Had one on Amazon the other day and trainline as well so I think most companies. I guess yours are low risk so have been auto approved without you notficing
Amazon don’t use 3D secure and never have to the best of my knowledge.
Correct, they don’t even process CVV code
Does the algorithm learn per say - i.e each person has a 3D Secure profile of their habits etc.
It’s quite complex. Details here.
Any ideas why they dont but other companies do?
Yes, they knew it introduced too much friction and would lead to many abandonded purchases. I assume they opted to take more risk and use their own fraud preventiion methods. E.g. if you request shipping to a new address they require you to re-enter your card details. They will have other non-public risk assesment algorithms.
I’m curious to know why your fiver example the 3D Secure flagged it. When it should have flagged it as a low risk purchase? As on the whole only 2% of transactions are deemed high risk. I would assume that is based off merchant data from the website. What would be interesting would be how many times you get flagged if you use a VPN in contrast to not using one. As I assume there are lots of metrics that are taken into account such as value of transaction, location and search history
I assume, but do not know, that the fiver purchase required verification because it was the first purchase with the card at that merchant.
That’s exactly what I was thinking
So if a business opts to use 3D secure is the bank liable?
And the opposite if they dont?
I imagine there may also been a random flag as well.
In the sense of flag on average 1 in 100 transaction per person just because or something much higher
I don’t know the subject well enough, there are others here more informed but I assume the liability for fraud is shifted from the merchant if they use it.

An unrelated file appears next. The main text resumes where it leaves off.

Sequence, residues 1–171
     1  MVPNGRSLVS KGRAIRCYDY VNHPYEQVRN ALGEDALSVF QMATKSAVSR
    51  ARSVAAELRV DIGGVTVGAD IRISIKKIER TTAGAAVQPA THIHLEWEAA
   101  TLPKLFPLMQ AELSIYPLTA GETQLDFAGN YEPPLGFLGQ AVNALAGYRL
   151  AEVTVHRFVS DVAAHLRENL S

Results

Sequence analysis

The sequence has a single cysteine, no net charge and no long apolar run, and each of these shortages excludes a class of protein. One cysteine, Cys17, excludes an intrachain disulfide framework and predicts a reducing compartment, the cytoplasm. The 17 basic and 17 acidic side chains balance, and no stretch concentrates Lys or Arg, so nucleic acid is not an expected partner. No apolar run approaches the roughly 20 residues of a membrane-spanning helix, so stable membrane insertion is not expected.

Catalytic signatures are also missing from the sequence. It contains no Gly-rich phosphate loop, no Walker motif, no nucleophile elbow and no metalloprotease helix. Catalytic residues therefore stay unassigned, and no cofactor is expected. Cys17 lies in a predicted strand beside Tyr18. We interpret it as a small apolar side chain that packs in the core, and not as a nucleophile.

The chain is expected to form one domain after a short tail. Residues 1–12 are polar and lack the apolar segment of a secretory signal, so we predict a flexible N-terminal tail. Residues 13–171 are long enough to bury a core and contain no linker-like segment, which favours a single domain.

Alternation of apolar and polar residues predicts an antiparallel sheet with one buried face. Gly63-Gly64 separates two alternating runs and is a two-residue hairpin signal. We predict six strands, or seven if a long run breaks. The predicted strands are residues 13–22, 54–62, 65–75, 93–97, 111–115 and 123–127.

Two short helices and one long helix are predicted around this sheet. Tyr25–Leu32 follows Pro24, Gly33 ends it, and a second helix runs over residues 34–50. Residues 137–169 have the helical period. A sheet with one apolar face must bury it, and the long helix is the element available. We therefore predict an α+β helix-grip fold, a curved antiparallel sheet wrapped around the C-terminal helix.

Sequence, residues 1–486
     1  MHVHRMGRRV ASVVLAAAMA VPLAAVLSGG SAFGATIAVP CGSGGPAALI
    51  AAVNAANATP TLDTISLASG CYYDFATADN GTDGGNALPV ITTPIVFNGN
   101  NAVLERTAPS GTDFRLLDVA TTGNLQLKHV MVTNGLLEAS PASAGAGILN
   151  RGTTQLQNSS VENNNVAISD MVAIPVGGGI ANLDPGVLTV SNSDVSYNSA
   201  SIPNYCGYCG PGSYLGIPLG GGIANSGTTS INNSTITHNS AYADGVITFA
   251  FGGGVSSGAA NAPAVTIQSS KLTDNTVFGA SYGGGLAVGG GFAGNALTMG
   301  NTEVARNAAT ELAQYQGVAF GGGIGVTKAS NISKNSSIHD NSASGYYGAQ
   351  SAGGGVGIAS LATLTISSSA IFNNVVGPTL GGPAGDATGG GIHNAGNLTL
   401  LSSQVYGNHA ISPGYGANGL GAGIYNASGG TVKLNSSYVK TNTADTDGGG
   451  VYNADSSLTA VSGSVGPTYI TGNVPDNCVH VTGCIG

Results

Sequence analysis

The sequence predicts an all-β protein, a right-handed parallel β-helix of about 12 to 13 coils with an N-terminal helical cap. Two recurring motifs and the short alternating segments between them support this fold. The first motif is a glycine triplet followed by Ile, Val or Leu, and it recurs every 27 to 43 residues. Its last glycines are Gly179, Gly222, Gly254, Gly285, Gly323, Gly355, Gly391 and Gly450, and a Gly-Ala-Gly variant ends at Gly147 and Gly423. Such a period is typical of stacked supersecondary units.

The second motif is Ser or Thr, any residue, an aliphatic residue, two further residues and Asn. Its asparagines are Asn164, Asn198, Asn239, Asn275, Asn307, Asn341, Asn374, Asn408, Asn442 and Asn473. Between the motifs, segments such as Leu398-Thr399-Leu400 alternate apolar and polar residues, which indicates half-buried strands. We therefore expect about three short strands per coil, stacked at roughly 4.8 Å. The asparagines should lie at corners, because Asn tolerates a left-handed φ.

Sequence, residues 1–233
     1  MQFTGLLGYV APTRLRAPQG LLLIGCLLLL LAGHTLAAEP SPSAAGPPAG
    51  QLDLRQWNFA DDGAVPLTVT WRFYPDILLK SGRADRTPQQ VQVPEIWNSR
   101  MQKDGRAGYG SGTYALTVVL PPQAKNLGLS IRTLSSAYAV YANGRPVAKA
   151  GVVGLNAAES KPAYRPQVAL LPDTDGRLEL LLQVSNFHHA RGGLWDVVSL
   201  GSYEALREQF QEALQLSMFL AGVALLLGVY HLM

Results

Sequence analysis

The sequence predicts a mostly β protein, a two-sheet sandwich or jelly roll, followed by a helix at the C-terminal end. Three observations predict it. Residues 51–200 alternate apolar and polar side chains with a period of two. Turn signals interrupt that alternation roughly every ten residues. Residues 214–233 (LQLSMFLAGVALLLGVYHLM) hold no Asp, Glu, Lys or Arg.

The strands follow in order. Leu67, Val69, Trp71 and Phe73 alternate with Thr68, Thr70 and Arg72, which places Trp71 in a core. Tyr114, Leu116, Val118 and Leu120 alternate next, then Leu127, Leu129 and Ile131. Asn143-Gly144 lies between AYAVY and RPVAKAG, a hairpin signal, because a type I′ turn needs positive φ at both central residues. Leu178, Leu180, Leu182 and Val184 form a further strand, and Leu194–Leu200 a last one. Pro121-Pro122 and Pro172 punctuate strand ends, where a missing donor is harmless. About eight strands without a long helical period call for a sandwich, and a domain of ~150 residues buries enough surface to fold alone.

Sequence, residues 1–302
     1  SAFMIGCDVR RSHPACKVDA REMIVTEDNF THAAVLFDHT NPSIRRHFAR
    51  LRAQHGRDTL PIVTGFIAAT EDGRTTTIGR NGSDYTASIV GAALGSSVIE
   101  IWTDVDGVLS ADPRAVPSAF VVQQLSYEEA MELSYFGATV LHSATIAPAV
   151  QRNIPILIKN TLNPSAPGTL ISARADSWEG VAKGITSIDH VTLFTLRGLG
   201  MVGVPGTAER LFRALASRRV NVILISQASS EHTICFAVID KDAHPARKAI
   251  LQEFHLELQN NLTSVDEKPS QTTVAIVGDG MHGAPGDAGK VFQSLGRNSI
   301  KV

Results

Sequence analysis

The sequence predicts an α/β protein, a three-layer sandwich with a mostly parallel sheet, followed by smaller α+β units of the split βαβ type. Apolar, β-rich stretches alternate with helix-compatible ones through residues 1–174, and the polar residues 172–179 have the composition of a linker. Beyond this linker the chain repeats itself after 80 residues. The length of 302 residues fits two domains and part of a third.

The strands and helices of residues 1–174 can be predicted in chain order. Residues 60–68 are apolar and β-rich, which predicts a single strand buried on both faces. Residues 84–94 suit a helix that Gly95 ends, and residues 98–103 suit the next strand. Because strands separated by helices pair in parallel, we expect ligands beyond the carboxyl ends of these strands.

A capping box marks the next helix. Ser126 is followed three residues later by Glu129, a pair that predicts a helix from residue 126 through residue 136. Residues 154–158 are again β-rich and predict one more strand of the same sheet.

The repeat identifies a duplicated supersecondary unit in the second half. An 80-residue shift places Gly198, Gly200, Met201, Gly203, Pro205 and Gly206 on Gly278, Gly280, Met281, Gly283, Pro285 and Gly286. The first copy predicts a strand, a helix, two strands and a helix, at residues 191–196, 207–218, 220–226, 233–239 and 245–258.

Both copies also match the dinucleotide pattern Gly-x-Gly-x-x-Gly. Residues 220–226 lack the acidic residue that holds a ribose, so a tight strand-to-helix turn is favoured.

I found quite a good article on the subject that shows when there is liability shift
I recently used 3D secure for the first time in the UK and it actually made sense. Before in the US I would get the familiar frame with my bank’s logo, but that was it. The transaction would go through.
With Monzo it has me verify in app or by SMS.
Anyone know what is up with the difference?
In terms of approval, no difference
Some websites and apps can fail the transaction when you switch apps (to the Monzo app to approve in this case), which is rubbish design on their part, but can be avoided by using SMS instead and reading that from your notifications
I also had an issue with one merchant in the past when approving in app failed twice so I took to using SMS for a few weeks
What I am saying is with my US bank there is no verification whatsoever, so I don’t really understand the point of 3-D secure. However with Monzo it seems to actually perform some sort of verification which makes 3-D secure make a lot more sense
Did you have to enter some characters into that frame?
If so, that might have been like SecureCode (IIRC) over here before, which seems to have (thankfully) disappeared now
If they were both using 3D Secure, then I believe it comes down to risk appetite
Monzo auto-approve some of my transactions with a pattern I cannot totally discern - that is one area where there can never be that much transparency - but generally allows through transactons with merchants I have been to before and transactions from major retailers
@Js38wju3jda In general, US banks didn’t really support 3D Secure. Most likely they ‘supported’ it, but approved everything with no intervention, hence you not seeing anything.
No I did not have to do anything whatsoever.